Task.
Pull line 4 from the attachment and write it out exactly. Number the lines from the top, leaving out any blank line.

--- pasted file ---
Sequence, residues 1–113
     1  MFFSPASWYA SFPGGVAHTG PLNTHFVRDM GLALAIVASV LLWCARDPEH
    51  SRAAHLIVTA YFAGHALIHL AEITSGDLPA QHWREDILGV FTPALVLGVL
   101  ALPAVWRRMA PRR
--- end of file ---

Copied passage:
   101  ALPAVWRRMA PRR